Specifically, we looked at the areas and locations of ellipsoid zone (EZ) defects as well as defects in the inner retina by extracting a set of image features related to the topographic extent and location of these defects. We examined the correlation of these imaging features on a pixel-by-pixel basis with visual acuity in postoperative macular hole longitudinal SD-OCT scans (Figure). Our method improved results compared with previous studies, as automated 3-D analysis allowed us to quantitatively assess the entire macula topographically, instead of in single horizontal or vertical B-scans, where some defects would be hard to visualize or might not even be displayed.



This study used data from 35 patients who underwent surgical repair in one eye (45.7% right eyes) after being diagnosed with stage 3 or stage 4 macular hole by funduscopic and SD-OCT examination. All surgeries were performed by 25-gauge three-port PPV. After the vitreous was removed, the ILM was stained with indocyanine green (ICG; 2.5 mg/mL in 5% dextrose water) for 20 seconds. End-grasping ILM forceps were used to elevate and peel the ILM from the macula and from around the macular hole. A gas endotamponade (14% C3F8 or 18% SF6) was used in all cases, and 10 days of face-down positioning was prescribed.


Our study showed significant correlation of EZ band defects in the fovea and regions surrounding the fovea with postoperative visual acuity outcomes. Looking at scans 6 to 12 months after surgery, we found that certain characteristics correlated with visual acuity: EZ band defects in the foveal subfield, the temporal-inner subfield, the inferior-inner subfield; the size of defects in the foveal subfield; and their circularity. These EZ band defects became gradually smaller over time (Figure, bottom row). Additionally, defects located in the inner retina, likely attributed to ILM staining with ICG or to surgical trauma, did not correlate with visual acuity and also did not recover like the EZ band defects did (Figure, middle row). However, patients who had larger numbers of thinning dimples in the inner retina, specifically in the superior outer quadrant of the macula, had worse visual outcomes.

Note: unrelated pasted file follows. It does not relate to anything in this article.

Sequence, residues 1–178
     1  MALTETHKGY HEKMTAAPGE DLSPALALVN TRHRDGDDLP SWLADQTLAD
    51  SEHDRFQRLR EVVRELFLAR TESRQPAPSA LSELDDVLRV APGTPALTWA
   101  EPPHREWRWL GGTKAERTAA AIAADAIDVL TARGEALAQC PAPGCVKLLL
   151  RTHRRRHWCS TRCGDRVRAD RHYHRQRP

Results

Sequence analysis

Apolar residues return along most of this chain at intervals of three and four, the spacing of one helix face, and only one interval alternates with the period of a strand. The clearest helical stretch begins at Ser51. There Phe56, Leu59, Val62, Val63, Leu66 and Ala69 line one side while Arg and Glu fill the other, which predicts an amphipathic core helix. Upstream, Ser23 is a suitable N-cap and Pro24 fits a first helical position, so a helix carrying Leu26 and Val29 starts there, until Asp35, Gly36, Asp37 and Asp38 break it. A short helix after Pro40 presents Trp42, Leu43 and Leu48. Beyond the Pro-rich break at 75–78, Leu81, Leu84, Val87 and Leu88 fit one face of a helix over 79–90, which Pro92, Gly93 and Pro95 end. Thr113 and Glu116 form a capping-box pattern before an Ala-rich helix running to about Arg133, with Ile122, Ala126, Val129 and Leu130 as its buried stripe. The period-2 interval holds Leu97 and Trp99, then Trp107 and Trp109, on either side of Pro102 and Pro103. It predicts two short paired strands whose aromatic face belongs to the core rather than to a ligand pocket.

Regarding the predictive ability of the features we extracted, we found that a decreasing area of EZ band defects in the foveal and parafoveal regions was a good predictor for postoperative recovery of visual acuity. Patients with more extensive atrophic changes appeared to have slower or worse visual acuity recovery despite closure of the macular hole. Interestingly, we also found that patients with larger preoperative macular holes had greater improvements in visual acuity than those with smaller macular holes.

Given that inner retinal defects did not seem to recover over time, surgical techniques that minimize inner retinal damage may be valuable for macular hole surgery.

By using thousands of computing cores operating in parallel, we were able to take a volumetric approach and analyze every voxel in each OCT scan. We were able to fully scrutinize every aspect of these patients’ scans as they recovered from macular hole surgery. Topographic analysis of each segmented retinal layer was powerful in that it allowed the identification of defects at different retinal depths that correlated with visual acuity outcomes. Computer-aided diagnosis and modeling is the future of image analysis. We look forward to applying these techniques to other retinal conditions. n

Theodore Leng, MD, MS, is director of ophthalmic diagnostics at the Byers Eye Institute at Stanford University and is a clinical assistant professor of ophthalmology at the Stanford University School of Medicine, Palo Alto, Calif. He has no financial relationships relevant to the material described in this article. Dr. Leng may be followed at @tedleng and reached at +1-650-498-4264; fax: +1-888-565-2640; or

1. Thompson JT, Smiddy WE, Glaser BM, et al. Intraocular tamponade duration and success of macular hole surgery. Retina. 1996;16(5):373-382.

2. Oh J, Smiddy WE, Flynn HW Jr, et al. Photoreceptor inner/outer segment defect imaging by spectral domain OCT and visual prognosis after macular hole surgery. Invest Ophthalmol Vis Sci. 2010;51(3):1651-1658.

3. de Sisternes L, Hu J, Rubin DL, Leng T. Visual prognosis of eyes recovering from macular hole surgery through automated quantitative analysis of spectral-domain optical coherence tomography (SD-OCT) scans. Invest Ophthalmol Vis Sci. 2015;56(8):4631-4643.

4. de Sisternes L, Marmor MF, Leng T, Rubin DL. Automated segmentation and quantification of retinal layers in patients with hydroxychloroquine toxicity. Invest Ophthalmol Vis Sci. 2014;55(13):4799.